Date: April 12–13, 2024, Princeton University (in-person)
Co-organizers: Paul Eberwine, Aditi Rao
In the past three decades, haunting has exploded as a critical trope across the humanities. From Jacques Derrida’s “hauntology” to Gayatri Spivak’s “ghostwriting” to Christina Sharpe’s “wake work,” the role of the dead in living communities has become a topic of widespread interest across disciplinary boundaries. Along different lines, classicists have become increasingly interested in the relationship between the living and the dead in the ancient Mediterranean. This workshop aims to bridge these conversations, linking a historical concern with the ancient dead with broader questions about the ethical and political stakes of haunting. This means asking not only what it meant to be haunted in antiquity, but also what it means to be haunted by antiquity. In light of Avery Gordon’s suggestion that haunting is a “constituent element of modern social life”, we hope to pursue antiquity’s ghosts across presence and absence, life and death, now and then.
We invite papers—especially from graduate students, early career and un-affiliated scholars, and non-academics—which map the issue of haunting across three dimensions: the “local,” the “global,” and the “planetary.” The “local” takes a synchronic approach, studying how haunting works in Mediterranean antiquity. The “global” works diachronically, asking how ghosts move with Mediterranean antiquity’s transmission and reception. Finally, the “planetary” asks how haunting works as a mode of relation to the ancient past—in particular, as experienced within academic disciplines and institutions.
The workshop will take place on Princeton’s campus over the course of two days. It will consist of three panels, each of which will engage one of the three dimensions described above: the “local,” the “global,” and the “planetary.” Each panel will include three to four speakers, roughly half of whom will be invited faculty and half of whom will be selected by this open call, making for a total of ten invitees. Each participant will have the opportunity to 1. give a paper and 2. respond to another participant’s paper, in the hope of facilitating generative exchanges.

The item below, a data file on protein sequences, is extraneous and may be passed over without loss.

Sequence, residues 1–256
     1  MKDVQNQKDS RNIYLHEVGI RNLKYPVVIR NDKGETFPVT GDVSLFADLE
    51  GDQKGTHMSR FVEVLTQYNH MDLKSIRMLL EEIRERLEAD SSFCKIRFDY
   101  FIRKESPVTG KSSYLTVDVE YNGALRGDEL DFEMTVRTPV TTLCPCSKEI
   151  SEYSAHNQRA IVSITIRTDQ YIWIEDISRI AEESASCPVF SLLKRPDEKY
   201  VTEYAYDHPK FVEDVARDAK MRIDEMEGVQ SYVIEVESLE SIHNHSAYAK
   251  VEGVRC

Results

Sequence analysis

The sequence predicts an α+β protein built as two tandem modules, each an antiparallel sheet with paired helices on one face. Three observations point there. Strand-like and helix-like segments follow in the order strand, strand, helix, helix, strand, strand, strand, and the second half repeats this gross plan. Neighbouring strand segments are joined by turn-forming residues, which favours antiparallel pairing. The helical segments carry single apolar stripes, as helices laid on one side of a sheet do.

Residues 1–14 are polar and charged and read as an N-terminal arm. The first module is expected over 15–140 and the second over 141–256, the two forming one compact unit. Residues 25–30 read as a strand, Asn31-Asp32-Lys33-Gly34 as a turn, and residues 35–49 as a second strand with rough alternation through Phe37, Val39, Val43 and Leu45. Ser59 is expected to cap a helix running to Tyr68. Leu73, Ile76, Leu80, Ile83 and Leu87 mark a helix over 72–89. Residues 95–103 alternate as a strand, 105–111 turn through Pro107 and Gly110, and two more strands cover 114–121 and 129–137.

With this framing in mind, we welcome a wide array of papers, projects, and practices, which plot themselves in the realm of spectral cartography. Possible topics include, for example, interactions between the living and the ancient dead, the “deadening” of languages and cultures, theoretical approaches to haunting, and the haunted disciplinarity of Classics.
Abstracts of 500 words, or an approximate equivalent for submissions in different formats (a poem, a clip from a video, etc.) should be sent to Paul Eberwine ([email protected]) and Aditi Rao ([email protected]), along with a short bio, by November 3, 2023. Accommodations and limited travel coverage provided.